Millington Rape, 2019, Oil on Canvas, 36" x 72"
This painting started out as a landscape coming from winter into spring, full of color - “new grass” greens, flowery pinks. But during its 37 different iterations, it began to demand an ominous darkness. And there was something about the fallen tree that seemed to scream “Violation!”
Forty-eight artists, member of the New York Artists Circle, have contributed to this online exhibition curated by Fran Beallor and Barbara Sherman. The full exhibition can be viewed at:
The Fragile Earth: Writing from The New Yorker on Climate Change, published October 2020, features some of the best writing on global warming from the last three decades, including Pulitzer Prize-winning works by Elizabeth Kolbert, the "eloquent voice of conscience," and Bill McKibben’s heroically prescient essay “The End of Nature,” the first truly extensive exploration of climate change for a non-science audience. With climate change denying politicians and their constituencies still ignoring the cries of the planet, these writers sound the alarm: if nothing is done, there will be nothing left.
Inspired to action, Barbara Sherman, director of Art at First Gallery in New York City conceived an exhibition, Save the Earth, as the New York Artists Circle's Response to the Climate Crisis. Sherman teamed up with NYAC co-leader, Fran Beallor, to curate this important show but it was canceled due to the Pandemic.
Revised, reformatted, and renamed for this online presentation, Beallor and Sherman are thrilled to present Fragile Earth: Artists respond to Climate Change. NYAC artists responded from a myriad of vantage points. Some seek to educate, some call us to action, while others seek to memorialize endangered species or wilderness settings. All see the crisis against the backdrop of their individual aesthetics and believe that voices and art have a significant impact.
As the work was reviewed, themes emerged: forests in bloom and on fire; glaciers with secret writings and melting majesty; aerial views of threatened vistas; close ups of endangered animals, birds and botanicals; moments of nature in the urban environment; things we take for granted. Some artists examine the beauty and threat of our industrial landscape, sometimes using text and graphs to highlight the issues in a more overtly political manner. Others create their work from recycled materials so that the very creation of the work becomes a statement about our environment. There is a strong thread of abstraction, a poetic approach to the intense internal feelings that this crisis evokes.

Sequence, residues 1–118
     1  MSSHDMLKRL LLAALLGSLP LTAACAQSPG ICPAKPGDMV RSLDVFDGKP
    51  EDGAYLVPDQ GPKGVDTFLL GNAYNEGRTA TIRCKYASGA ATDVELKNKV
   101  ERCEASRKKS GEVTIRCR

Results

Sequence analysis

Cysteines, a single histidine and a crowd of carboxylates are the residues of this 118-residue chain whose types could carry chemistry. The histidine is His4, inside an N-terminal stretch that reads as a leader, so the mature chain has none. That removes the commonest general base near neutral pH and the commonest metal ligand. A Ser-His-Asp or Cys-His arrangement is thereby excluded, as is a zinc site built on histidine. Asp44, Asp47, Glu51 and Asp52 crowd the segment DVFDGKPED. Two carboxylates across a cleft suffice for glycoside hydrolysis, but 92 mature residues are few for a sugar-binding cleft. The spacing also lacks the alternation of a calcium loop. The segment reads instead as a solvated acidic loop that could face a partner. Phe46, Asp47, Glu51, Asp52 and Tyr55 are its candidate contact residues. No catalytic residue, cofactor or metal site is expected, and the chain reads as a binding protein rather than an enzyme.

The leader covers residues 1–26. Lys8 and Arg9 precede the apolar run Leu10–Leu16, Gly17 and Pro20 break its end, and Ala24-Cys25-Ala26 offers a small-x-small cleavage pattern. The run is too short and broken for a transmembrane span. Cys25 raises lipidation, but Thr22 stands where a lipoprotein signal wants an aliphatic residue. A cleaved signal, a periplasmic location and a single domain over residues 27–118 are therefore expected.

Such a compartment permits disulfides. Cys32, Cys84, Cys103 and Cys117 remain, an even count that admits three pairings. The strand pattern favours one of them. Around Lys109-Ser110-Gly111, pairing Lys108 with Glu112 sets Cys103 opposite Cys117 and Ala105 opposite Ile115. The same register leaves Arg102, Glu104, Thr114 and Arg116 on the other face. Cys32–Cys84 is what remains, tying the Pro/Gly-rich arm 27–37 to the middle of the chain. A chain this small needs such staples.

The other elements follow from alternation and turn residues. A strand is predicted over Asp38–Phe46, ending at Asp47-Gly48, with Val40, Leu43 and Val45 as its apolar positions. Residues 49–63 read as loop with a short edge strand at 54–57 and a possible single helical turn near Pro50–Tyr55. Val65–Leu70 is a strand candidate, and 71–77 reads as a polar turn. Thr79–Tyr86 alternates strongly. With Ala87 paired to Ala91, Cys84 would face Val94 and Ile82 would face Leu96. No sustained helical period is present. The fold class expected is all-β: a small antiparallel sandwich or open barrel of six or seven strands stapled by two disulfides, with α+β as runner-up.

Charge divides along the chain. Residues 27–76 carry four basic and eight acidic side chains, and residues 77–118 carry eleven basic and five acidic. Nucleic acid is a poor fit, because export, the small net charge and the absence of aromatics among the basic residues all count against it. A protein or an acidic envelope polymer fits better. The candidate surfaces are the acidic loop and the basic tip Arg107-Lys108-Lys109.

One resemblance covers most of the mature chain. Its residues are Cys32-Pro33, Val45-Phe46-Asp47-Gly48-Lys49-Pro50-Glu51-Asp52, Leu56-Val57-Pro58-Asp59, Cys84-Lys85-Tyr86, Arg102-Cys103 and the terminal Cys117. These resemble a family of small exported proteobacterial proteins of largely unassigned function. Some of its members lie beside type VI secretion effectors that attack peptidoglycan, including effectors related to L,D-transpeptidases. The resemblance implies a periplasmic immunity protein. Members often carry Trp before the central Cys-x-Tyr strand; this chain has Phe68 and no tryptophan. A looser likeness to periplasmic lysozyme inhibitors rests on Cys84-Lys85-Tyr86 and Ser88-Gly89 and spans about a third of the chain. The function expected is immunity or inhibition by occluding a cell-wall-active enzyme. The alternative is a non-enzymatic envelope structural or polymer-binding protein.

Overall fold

Patterns in the art reflect patterns in nature, mathematical and rhythmical, symmetrical and fractal, incorporating tessellations, stripes and spirals, meanders, waves and foams. A certain unity of the varied colors of nature arose in the curation: a preponderance of earthly colors, intense turquoise and glacial blues, and the verdant greens of flora, combined with a host of fiery tones that reflect the heat of a warming planet. Using paint, sculpture, mixed media, print making, collage, and photography, the combined voices of these 48 artists creates an iridescent richness of sentiments of both hope and horror, beauty blended with the sadness of loss, and a bloom of optimism.
Even without an Opening Event, and despite pandemic conditions, we had a really great turnout! Most visitors made appointments and everyone remained masked and kept the proper social distancing. This slow but steady stream of visitors allowed me to greet people individually or in very small groups, and gave us the chance for meaningful in-depth conversations about the art.
Here is the press release:
To visit the show and see all of my paintings, go to https://www.artfare.com/juliarooney
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I'm honored to have been invited for the seventh year in a row to participate as a Visiting Artist in Harvard's Freshmen Arts Program. This year I gave two Ink/Collage Masterclasses to incoming students. What a pleasure to be able to share my passion for this work with new artists!
I was privileged to lead an intensive 4-day workshop in Ink/Collage at the gorgeous Baer Art Center in Hofsos, Iceland. We had an amazing group of serious and talented artists all enthusiastic about experimenting and pushing their norms - it was very exciting for all of us!
My partner Rick and I rented car and 4x4 to travel the perimeter of Iceland and venture into the interior, which is open only 2 months a year because of the climate. This was an extraordinary trip, and Iceland is back at the top of our Bucket List to return and spend a longer time there!
I was gifted with a special month's Artist Residency for Alumni Fellows at fabulous I-Park in East Haddam, Connecticut. Winter was slowly turning into Spring, a bit wet to work outdoors, but my huge studio had a floor to ceiling wall of glass overlooking trees and walks in the woods provided me with inspiring source material for a new body of ink and acrylic collages.
My oil painting Passport appears in NBC's hot new television series New Amsterdam!
Passport was inspired by my month-long photographic assignment in Egypt in 2006, and it took me over a period of 12 years to get every little "portrait" to have its own sense of presence.